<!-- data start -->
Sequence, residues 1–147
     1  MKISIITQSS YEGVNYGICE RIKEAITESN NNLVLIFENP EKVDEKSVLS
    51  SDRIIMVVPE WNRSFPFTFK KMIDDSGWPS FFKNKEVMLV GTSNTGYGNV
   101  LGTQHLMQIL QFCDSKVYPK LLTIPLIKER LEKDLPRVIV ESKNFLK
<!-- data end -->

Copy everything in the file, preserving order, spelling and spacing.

Sequence, residues 1–147
     1  MKISIITQSS YEGVNYGICE RIKEAITESN NNLVLIFENP EKVDEKSVLS
    51  SDRIIMVVPE WNRSFPFTFK KMIDDSGWPS FFKNKEVMLV GTSNTGYGNV
   101  LGTQHLMQIL QFCDSKVYPK LLTIPLIKER LEKDLPRVIV ESKNFLK